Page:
The IL-6 response to Chlamydia from primary reproductive epithelial cells is highly variable and may be involved in differential susceptibility to the immunopathological consequences of chlamydial infection.

Cunningham K, Stansfield SH, Patel P, Menon S, Kienzle V, Allan JA, Huston WM - BMC Immunol. (2013)

Dependence of HeLa IL-6 and IL-1β response on cellular signalling pathways. The secretion of IL-6 into the media from HeLa or HeLa with THP-1 cultures in response to the various stimulants is shown in the graphs. The IL-6 response at 96 hours is shown in Fig A and B. A) HeLa. B) HeLa with THP-1 co-culture. C) HeLa IL-1β response at 24 h and D) HeLa and THP-1 co-culture IL-1β levels at 24 h. (n = 3) Unpaired two-tailed t-tests have been performed between cohorts.
© Copyright Policy - open-access
Related In: Results  -  Collection

License
Show All Figures
getmorefigures.php?uid=PMC4225670&req=5

Figure 4: Dependence of HeLa IL-6 and IL-1β response on cellular signalling pathways. The secretion of IL-6 into the media from HeLa or HeLa with THP-1 cultures in response to the various stimulants is shown in the graphs. The IL-6 response at 96 hours is shown in Fig A and B. A) HeLa. B) HeLa with THP-1 co-culture. C) HeLa IL-1β response at 24 h and D) HeLa and THP-1 co-culture IL-1β levels at 24 h. (n = 3) Unpaired two-tailed t-tests have been performed between cohorts.
Mentions: A caspase-1 inhibitor was tested because caspase-1 initially activates IL-1β as part of the inflammasome response (reviewed [28]). Inhibition of caspase-1 actually resulted in increased IL-6 production in response to all stimulants (Figure 4), but in HeLa only cultures there was no effect on the IL-6 secretion except in response to live Chlamydia where the levels also significantly increased (Figure 4). Wedelolactone inhibits IKK, a kinase involved the final stages of NF-κB activation cascade [27]. IKK inhibition did not alter the IL-6 levels secreted into the media under any of the culture conditions (Figure 4). PD98059 is a broad MEK inhibitor which results in decreased downstream JNK, STAT and p38 pathways induction (reviewed, [29]). U0126 inhibits MEK1/2, leading to decreased ERK1/2 signalling. Broad MEK inhibition did decrease the IL-6 secretion in response to CtHtrA, CtTsp, and live Chlamydia in the HeLa only cell culture (Figure 4). In the co-culture model, IL-6 secretion in response to CtHtrA and CtTsp was significantly reduced by broad MEK (PD98089) or MEK1/2 inhibition (U0126) (Figure 4).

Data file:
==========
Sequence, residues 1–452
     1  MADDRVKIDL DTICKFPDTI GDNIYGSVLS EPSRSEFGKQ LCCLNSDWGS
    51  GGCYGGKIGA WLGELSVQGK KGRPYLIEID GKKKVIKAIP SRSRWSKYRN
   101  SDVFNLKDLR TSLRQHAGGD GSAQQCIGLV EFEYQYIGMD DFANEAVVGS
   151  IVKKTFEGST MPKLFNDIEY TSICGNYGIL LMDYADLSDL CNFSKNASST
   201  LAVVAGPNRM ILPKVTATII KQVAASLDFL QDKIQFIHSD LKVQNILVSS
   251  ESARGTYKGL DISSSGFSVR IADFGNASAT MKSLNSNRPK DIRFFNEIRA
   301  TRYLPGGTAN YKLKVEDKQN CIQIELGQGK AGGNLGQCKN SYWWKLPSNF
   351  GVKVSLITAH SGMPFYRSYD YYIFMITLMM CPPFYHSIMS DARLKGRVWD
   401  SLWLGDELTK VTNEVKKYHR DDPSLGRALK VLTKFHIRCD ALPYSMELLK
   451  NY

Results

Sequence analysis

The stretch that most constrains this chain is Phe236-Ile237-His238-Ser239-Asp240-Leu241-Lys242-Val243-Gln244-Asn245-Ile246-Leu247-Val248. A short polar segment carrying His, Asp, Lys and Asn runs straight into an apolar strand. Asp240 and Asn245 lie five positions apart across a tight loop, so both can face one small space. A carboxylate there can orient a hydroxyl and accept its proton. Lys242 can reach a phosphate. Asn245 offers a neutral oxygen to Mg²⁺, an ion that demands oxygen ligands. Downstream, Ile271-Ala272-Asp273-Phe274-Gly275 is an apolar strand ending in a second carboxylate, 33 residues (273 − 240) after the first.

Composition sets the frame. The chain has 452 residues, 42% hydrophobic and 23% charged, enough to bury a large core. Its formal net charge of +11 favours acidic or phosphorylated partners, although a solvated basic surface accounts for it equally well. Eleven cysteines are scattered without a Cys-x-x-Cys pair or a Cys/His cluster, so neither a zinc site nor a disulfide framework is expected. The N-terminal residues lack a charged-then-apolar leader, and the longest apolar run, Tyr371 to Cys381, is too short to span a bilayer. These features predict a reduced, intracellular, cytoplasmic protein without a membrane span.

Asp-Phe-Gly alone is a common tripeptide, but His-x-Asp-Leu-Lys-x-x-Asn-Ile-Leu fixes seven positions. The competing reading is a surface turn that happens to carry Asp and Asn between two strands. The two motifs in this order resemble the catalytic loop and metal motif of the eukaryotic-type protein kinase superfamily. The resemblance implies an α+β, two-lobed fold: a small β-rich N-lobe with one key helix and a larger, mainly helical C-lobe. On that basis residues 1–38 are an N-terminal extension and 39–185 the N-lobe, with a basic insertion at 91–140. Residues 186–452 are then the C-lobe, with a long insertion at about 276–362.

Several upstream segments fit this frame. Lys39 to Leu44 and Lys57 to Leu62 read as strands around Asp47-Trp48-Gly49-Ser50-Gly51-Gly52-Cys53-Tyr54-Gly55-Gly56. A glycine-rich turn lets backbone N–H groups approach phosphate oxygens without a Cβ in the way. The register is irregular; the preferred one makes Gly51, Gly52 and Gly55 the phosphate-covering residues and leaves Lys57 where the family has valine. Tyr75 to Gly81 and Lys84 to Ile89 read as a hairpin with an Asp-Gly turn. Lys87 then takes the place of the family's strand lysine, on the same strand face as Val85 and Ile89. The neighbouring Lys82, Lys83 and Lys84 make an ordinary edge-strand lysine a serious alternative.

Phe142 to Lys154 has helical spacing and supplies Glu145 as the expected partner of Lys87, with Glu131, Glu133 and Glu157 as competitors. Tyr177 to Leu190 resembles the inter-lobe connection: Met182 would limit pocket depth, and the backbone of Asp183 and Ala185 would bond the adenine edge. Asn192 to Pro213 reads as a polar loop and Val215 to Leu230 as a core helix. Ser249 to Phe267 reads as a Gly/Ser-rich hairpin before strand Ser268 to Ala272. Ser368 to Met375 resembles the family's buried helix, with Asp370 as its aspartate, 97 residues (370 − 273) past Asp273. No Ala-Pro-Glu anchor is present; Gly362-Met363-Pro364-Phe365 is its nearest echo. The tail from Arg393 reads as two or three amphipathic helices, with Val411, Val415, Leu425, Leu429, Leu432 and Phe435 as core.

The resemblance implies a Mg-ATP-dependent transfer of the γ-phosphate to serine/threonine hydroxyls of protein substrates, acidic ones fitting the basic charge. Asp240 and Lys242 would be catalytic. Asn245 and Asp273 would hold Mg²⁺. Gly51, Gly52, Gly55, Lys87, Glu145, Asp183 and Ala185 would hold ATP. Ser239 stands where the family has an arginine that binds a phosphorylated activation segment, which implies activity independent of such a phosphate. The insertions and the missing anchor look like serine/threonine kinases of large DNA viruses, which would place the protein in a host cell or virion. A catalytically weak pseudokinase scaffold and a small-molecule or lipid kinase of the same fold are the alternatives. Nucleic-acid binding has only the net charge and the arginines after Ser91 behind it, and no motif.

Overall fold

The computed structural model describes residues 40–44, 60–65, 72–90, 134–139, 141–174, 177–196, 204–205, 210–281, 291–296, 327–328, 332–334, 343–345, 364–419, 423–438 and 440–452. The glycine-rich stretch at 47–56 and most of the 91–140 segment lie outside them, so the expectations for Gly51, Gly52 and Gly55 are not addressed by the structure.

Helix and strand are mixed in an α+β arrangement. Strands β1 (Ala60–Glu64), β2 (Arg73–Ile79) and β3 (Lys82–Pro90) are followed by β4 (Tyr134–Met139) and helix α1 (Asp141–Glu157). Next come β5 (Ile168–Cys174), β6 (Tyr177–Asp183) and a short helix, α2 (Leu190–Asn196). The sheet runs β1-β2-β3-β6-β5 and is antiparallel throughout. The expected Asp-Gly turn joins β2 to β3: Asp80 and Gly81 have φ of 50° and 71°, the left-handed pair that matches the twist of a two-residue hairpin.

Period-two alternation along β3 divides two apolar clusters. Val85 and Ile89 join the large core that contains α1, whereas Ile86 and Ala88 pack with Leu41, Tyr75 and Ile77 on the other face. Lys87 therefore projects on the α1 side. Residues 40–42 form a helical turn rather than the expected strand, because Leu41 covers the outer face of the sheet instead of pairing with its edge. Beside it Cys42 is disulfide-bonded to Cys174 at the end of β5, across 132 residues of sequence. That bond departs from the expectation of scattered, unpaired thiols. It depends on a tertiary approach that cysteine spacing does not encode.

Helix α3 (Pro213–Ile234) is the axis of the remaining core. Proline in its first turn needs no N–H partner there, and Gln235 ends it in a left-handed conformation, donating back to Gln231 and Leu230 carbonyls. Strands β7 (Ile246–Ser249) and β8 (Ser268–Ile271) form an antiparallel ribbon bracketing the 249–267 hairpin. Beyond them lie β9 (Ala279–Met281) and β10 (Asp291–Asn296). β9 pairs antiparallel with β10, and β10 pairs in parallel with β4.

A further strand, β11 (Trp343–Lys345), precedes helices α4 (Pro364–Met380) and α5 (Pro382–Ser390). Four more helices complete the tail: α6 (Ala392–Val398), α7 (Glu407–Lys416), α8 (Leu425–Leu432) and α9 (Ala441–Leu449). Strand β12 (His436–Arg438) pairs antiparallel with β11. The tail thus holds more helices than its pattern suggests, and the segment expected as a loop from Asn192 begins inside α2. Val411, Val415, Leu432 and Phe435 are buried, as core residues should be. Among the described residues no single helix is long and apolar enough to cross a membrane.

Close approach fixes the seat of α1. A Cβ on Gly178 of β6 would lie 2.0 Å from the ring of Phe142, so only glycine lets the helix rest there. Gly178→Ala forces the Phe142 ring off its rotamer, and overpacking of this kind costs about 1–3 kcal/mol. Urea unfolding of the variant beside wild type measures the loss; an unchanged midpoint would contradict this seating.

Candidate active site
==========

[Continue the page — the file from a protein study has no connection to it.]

Bottom Line: Chlamydia trachomatis infection results in reproductive damage in some women.PBMC responses to the stress response proteases (CtTsp and CtHtrA) did not significantly vary for the different participant cohorts.We have demonstrated that IL-6 may be a key factor for the chlamydial disease outcome in humans, given that primary human reproductive epithelial cell culture showed considerable variation in IL-6 response to Chlamydia or chlamydial proteins, and that the presence of live Chlamydia (but not UV killed) during co-culture resulted in a reduced IL-6 response suggesting this response may be moderated by the presence of the organism.

View Article: PubMed Central - HTML - PubMed

Affiliation: Institute of Health and Biomedical Innovation, Queensland University of Technology, Q Block, 60 Musk Ave, Kelvin Grove, QLD 4059, Australia. w.huston@qut.edu.au.

ABSTRACT

Background: Chlamydia trachomatis infection results in reproductive damage in some women. The process and factors involved in this immunopathology are not well understood. This study aimed to investigate the role of primary human cellular responses to chlamydial stress response proteases and chlamydial infection to further identify the immune processes involved in serious disease sequelae.

Results: Laboratory cell cultures and primary human reproductive epithelial cultures produced IL-6 in response to chlamydial stress response proteases (CtHtrA and CtTsp), UV inactivated Chlamydia, and live Chlamydia. The magnitude of the IL-6 response varied considerably (up to 1000 pg ml(-1)) across different primary human reproductive cultures. Thus different levels of IL-6 production by reproductive epithelia may be a determinant in disease outcome. Interestingly, co-culture models with either THP-1 cells or autologous primary human PBMC generally resulted in increased levels of IL-6, except in the case of live Chlamydia where the level of IL-6 was decreased compared to the epithelial cell culture only, suggesting this pathway may be able to be modulated by live Chlamydia. PBMC responses to the stress response proteases (CtTsp and CtHtrA) did not significantly vary for the different participant cohorts. Therefore, these proteases may possess conserved innate PAMPs. MAP kinases appeared to be involved in this IL-6 induction from human cells. Finally, we also demonstrated that IL-6 was induced by these proteins and Chlamydia from mouse primary reproductive cell cultures (BALB/C mice) and mouse laboratory cell models.

Conclusions: We have demonstrated that IL-6 may be a key factor for the chlamydial disease outcome in humans, given that primary human reproductive epithelial cell culture showed considerable variation in IL-6 response to Chlamydia or chlamydial proteins, and that the presence of live Chlamydia (but not UV killed) during co-culture resulted in a reduced IL-6 response suggesting this response may be moderated by the presence of the organism.

Show MeSH
Related in: MedlinePlus